By: Marilyn L. Davis
Are You Having Conversations with Your Readers?
“Let us make a special effort to stop communicating with each other, so we can have some conversation.” ― Mark Twain
I received an email that touched me. The reader said, “Reading your articles is like a great conversation. They are informative, laced with humor, insight and valuable information. I get myself a big cup of coffee to satisfy the illusion of conversations with you, Marilyn.”
Delicia Powers, a poet at Wikinut, wrote me: “I admire so much Marilyn your style of writing…we are allowed to follow your stream of thoughts effortlessly. They become our own and we are comfortable, at home with the feelings that flow so honestly through your mind…you put it so beautifully in one of your earlier pages… “your thoughts all are connected threads unraveling”, not the exact quote of your words but what remains in my mind… a marvelous story of self-discovery…thank you Marilyn, I am looking forward to reading more.”
I almost did not write that day wanting to savor those kind words.
Wish I Had Said That
While I would like to take credit for Alice Bag’s quote, I cannot. However, it reflects how my writing is transforming. “…I became obsessed with following the threads of my memories, one leading to another. I start pulling on a single, seemingly trivial strand, only to discover it is attached to a longer strand; that one in turn is attached to an even bigger one. Sometimes, I find I have tugged a whole, hidden tapestry of my past into view, one thread at a time.”
Delicia has an excellent point in that my connected threads are unraveling. Learning about writing as I am, I am discovering a completely new style for me, a personal essay. The “I’m narrating the experience and including my thoughts and feelings, the nit-picky examination of what was, what came to be, and what I’m doing with it.”
Style is Not the Only Difference
When I first started writing, I thought that I must write long drawn-out articles to stand out. Stand out is not exactly the right term, maybe just to be in the running is more accurate.
After all, why should anyone read my article over all the others published that day?
In my more honest moments, I realize that writing about addiction is not like warm, fuzzy, ethereal poems or feel good narratives. These articles are about the harm done to others and ourselves.
Addiction is the raw hunger that drives us to self-destruct, the complete and total disdain for not just, the abstract fellow man, but our children, our parents, and us. In our use, we do not care about other people. Defining addiction beyond the simple fact of using drugs and alcohol, how it affects people, and how to recover are parts of my mission.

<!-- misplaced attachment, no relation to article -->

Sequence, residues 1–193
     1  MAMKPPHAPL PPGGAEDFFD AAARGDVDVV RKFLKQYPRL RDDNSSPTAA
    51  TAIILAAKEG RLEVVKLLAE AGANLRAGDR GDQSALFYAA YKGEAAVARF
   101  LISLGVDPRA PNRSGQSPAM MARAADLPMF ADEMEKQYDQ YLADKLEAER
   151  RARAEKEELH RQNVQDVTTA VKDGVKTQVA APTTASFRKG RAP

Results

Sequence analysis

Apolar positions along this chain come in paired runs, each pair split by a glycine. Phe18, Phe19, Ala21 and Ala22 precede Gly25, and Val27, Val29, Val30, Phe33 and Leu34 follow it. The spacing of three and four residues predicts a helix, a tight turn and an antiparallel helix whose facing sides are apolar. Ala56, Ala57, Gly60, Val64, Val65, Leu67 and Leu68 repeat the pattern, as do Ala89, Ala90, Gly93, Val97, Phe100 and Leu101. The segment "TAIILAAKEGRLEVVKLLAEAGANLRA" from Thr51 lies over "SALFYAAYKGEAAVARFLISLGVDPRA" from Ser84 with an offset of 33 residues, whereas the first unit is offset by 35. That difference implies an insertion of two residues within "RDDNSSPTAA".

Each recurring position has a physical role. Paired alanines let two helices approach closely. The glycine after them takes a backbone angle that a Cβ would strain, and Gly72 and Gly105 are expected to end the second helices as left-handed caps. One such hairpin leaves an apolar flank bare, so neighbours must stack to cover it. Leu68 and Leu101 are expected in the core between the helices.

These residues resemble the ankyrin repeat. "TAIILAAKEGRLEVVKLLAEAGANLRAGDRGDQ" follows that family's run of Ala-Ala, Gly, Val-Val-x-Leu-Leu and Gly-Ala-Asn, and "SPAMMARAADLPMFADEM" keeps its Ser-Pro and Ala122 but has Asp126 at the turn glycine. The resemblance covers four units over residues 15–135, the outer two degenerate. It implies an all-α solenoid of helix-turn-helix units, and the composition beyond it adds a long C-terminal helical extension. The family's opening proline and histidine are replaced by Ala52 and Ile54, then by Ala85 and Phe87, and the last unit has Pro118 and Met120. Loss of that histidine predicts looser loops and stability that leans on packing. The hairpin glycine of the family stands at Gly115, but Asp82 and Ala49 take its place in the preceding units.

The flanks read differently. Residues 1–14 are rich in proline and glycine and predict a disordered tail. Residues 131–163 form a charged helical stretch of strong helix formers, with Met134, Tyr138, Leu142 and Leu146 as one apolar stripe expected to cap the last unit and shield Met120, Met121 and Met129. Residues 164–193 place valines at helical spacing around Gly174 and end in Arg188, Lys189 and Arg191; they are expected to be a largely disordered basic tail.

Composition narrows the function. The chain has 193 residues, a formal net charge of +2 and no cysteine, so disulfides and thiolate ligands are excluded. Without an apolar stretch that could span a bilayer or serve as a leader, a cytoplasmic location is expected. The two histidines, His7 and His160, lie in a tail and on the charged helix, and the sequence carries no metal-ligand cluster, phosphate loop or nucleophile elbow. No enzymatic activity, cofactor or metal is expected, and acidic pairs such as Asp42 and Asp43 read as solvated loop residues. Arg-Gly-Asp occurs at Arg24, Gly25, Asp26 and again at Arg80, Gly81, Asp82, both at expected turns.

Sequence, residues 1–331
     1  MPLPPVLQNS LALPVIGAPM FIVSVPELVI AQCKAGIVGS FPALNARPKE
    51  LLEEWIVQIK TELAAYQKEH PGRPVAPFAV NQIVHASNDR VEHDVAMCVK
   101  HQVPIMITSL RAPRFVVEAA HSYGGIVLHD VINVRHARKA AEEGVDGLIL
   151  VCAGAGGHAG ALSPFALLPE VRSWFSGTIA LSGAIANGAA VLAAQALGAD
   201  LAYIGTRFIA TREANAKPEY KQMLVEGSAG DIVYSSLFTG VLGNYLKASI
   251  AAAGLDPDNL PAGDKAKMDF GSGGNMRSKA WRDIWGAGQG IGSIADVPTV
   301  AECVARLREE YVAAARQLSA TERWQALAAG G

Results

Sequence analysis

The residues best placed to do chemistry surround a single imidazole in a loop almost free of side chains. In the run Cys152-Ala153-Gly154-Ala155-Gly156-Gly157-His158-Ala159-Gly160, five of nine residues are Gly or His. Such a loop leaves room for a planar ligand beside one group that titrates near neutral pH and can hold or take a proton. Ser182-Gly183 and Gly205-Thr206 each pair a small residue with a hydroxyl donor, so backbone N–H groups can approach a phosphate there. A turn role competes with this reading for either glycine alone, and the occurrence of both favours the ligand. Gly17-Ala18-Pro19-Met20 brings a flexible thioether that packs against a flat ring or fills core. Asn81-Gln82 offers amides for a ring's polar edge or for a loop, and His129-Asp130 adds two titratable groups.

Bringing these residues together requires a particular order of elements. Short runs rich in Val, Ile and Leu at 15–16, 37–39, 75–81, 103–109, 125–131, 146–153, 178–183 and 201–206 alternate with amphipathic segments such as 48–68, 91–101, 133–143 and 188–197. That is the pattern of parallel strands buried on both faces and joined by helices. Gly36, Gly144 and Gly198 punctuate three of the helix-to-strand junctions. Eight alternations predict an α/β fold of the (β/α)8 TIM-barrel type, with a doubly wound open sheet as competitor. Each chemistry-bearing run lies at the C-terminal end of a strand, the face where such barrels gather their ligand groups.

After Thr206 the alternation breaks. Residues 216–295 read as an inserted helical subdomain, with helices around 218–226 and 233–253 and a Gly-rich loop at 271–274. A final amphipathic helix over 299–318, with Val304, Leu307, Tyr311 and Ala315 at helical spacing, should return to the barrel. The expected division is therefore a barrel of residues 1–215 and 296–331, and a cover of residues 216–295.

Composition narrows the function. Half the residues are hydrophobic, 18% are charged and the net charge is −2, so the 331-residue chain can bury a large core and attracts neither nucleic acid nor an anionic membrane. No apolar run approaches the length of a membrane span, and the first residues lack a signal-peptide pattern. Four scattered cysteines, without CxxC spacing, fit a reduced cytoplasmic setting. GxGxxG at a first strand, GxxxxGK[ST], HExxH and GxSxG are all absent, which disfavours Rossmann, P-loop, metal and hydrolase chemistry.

Lengthy is Not Necessarily Better
For a long time, I thought that the examples, underlying causes of addiction, and recovery directions needed to be serious, educational, exacting, and L-E-N-G-T-H-Y.
I was wrong. Some of my early efforts were tedious, pedantic, and nit-picky, and I no longer want to spend my time writing lectures. Instead, I give my readers the human stories that illustrate the subject of the lecture, getting to the essential aspects in fewer, more specific words.
On my addiction blog, FromAddict2Advocate, I now try to leave out the unnecessary words and find the heart. I would rather give my readers the human stories that illustrate the subject of the lecture, getting to the essential aspects in fewer, more specific words.
I can educate about addiction and recovery with the A-B-C’s; however, I believe that giving the examples of Ann, Brad, or Carl helps readers relate and connect to addiction and recovery issues much better than Dragnet’s Joe Friday perspective, “Just the facts.”
Writing non-fiction cannot just be the facts and statistics. These must be woven into the article, creating an atmosphere where the reader relates to facts and becomes emotionally engaged in them. Click To Tweet
Writing non-fiction cannot just be the facts and statistics. Are facts important in non-fiction? Certainly they are; however, they must be woven into the article creating an atmosphere where the reader relates to facts and becomes emotionally engaged in them.
In Revelatory writing, there is a point in which the writer starts out with the message of conflict, tensions, hardships and adversities and then discovers a solution.
It is the written moments of personal insight, awareness, feelings, and thoughts that make non-fiction human. And in writing well, we attract readers who are interested enough in a post to grab a cup of coffee and read awhile.
Creative Non-fiction and Coffee – Can’t Beat It
In truly authentic conversations, I would talk a bit and then listen to you. I would like to keep that going, writer to writer. If you will, indulge me.
If you leave a comment, which I always appreciate, tell me something about yourself and your writing. I will grab my coffee and be prepared to learn. Thank you.
Now, It Is Your Turn to Chat: Tell Me about You
- What have you discovered about yourself through your writing?
- How much time do you study the craft of writing?
- What motivates you to write?
- When was the last time you tried a different style of writing?
- What inspires you to write?
- What writing goals have you established for you?
- Which authors have inspired you?
- Is there a book on writing that you swear by for information?
Oh, one more thing, I am curious if there are books, sites or articles that you recommend to help me become a better writer. I could always opt for a second cup of coffee and learn more.